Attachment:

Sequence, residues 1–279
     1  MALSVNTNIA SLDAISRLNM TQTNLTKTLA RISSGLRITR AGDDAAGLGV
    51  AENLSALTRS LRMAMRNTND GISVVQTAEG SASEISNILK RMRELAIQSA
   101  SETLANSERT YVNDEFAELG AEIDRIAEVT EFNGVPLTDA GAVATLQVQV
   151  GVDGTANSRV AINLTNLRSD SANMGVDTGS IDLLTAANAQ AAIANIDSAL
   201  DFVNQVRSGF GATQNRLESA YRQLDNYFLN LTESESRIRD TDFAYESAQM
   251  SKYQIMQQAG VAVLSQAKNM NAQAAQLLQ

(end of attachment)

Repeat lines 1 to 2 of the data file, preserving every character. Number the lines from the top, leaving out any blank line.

Sequence, residues 1–279
     1  MALSVNTNIA SLDAISRLNM TQTNLTKTLA RISSGLRITR AGDDAAGLGV